7. Super Girl
8. Let's Play Two
9. Curious Thing
10. Jet Black Sunrise
11. Fool For The Taking
12. California Sun
log on to: for a free stream of the tracks on Major Lodge Victory...

The Canine Mafia in our House, Part 1 (The Epileptic Cat)

Meet Chiqui. He's a yellow cat. He's epileptic. He has seizures, shits and pisses while he does. Seems to be in a ton of pain, but eats like there's no tomorrow. In his case, you're never sure about tomorrow anyway.

Meet Jennifer. She's a toy poodle. She's really cute and knows how to use it. But both literally and figuratively, she's a bitch. Jennifer's the reason Chiqui is an epileptic.

See, Chiqui was a nice healthy cat who just slinked into the house one quiet weekend. He was absolutely inoffensive. Looked healthy and clean, and he looked like he felt right at home.

And then Jennifer saw him.

Jennifer (in the photo) knows that she's one of the most adorable things on the goddamned planet, and that we love her to pieces. This is probably why she is what she is. But long ago, she was just playful. very playful.

So playful she practically turned that poor little kitten into her own personal soccer ball. We thought it was okay. Until one day not too long after, Chiqui started to have seizures. The vets and we are thinking that his brain got royally rocked and thus, led to his epilepsy.

(to be continued...)

quotable #1

"We usually gather new friends to help us do new things in our lives, but we keep and treasure the old ones to hold us back from doing new STUPID things."

Wednesday, December 12, 2007

the wager...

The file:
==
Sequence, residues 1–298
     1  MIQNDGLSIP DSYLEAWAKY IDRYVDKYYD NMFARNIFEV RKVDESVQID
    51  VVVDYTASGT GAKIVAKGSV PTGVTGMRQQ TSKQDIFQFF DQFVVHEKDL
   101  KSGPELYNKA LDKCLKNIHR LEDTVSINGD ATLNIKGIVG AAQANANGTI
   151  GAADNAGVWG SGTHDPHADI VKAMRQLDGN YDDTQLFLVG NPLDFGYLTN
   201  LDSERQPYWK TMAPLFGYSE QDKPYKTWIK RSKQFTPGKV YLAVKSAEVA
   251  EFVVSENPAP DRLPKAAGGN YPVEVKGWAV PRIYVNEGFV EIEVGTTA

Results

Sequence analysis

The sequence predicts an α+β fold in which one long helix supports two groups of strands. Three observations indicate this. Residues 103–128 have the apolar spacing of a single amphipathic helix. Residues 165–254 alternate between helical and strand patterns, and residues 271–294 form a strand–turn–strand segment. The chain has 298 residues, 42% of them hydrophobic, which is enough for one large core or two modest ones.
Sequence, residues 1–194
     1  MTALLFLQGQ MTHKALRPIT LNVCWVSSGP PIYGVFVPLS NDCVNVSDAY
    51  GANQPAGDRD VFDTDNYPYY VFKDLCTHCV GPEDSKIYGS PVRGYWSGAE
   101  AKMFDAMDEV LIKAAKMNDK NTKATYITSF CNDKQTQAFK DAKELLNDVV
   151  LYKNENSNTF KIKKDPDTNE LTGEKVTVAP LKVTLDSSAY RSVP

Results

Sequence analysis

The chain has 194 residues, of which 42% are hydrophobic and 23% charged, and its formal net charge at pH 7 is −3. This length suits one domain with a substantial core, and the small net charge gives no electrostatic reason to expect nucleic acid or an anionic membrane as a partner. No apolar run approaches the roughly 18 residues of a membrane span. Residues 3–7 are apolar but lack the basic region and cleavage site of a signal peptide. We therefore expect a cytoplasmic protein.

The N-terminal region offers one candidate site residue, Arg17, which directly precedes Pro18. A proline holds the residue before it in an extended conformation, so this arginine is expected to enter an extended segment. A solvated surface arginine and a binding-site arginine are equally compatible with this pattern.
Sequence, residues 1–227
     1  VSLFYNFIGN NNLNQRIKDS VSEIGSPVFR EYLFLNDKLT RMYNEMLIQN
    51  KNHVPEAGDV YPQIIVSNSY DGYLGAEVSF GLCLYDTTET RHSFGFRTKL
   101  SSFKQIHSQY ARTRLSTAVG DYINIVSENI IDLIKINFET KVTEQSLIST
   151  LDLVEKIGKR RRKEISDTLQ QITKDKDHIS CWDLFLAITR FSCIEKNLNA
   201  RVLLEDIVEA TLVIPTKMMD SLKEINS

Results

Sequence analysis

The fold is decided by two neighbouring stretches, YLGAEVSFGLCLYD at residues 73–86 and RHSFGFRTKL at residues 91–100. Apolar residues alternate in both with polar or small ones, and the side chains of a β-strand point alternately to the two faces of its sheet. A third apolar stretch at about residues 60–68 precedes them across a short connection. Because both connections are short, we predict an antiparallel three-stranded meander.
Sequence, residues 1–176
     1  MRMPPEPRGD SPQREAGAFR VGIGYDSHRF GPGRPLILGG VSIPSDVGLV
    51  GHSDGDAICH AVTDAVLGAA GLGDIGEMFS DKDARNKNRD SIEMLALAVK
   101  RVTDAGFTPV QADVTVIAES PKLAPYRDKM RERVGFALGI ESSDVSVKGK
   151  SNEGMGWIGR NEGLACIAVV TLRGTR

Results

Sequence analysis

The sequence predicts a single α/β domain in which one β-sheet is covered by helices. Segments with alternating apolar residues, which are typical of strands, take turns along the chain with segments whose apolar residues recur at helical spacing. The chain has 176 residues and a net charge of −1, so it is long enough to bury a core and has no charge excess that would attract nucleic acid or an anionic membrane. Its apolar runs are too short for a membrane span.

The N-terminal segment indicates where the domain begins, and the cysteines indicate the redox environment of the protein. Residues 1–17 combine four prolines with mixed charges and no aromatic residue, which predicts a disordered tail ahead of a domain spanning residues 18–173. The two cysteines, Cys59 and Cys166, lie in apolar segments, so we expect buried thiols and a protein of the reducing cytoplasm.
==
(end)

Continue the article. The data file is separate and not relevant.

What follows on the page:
yesterday i got into a wager.
a wager i put upon myself after mike's comments about how unwittingly insulting i can be. (who's mike? he's one of the few people i really trust in that now-quiet zoo i call an office...).
i wagered that i can resist making an insult to anyone who works there. should i make an insult of any sort, i am fated to buy pizza for the crowd.
it was sad how many noted that me without my insults seemed so... UN-ME.
i suppose i got into it to try and see if there really was some other relatively interesting manifestation of me apart from the guy who spat out sarcastic comments and (occasionally) funny insults at those around him. yesterday, i was mostly quiet...
today, i found another facet i can exploit and still have some fun with my life... i found that i had fun exploiting my own conceit.
damn, i'm good.

Saturday, December 08, 2007

The Delayed Book Review: It's a Bird"

The Delayed Book Review (# 1, 11/03/07)

Seagle’s “It’s A Bird” Soars

Writer: Steven Seagle

I just finished a graphic novel I just bought out of some odd sense of pity on a rather poorly performing branch of the undisputedly largest bookstore chain in the country. (Sometime soon I may get to talk about that. But for now, I’ll talk about my new book.)

I gave myself a budget of a thousand bucks for something new to read. Something that I felt wouldn’t feel like work soon enough through a chapter or two. An obvious choice was a graphic novel, which my wife quite plainly (and in a rather pedestrian manner) refers to as simply a “slightly thicker comic book”. Potato, potahto… Oh look, I found a graphic novel that is supposedly Superman related, but doesn’t have him on the cover. And if the reviews on the back cover were to be believed, this book wasn’t going to be made of your regular pulp. So off I was to the cash registers…

With my wife pregnant into her first trimester and either craving for food or dozing off, I found myself a nice little “dozing off” moment where I kick my shoes off and stretch myself out on the couch to engage myself in my new “slightly thicker comic book”. She was off dreaming, and I had time to read.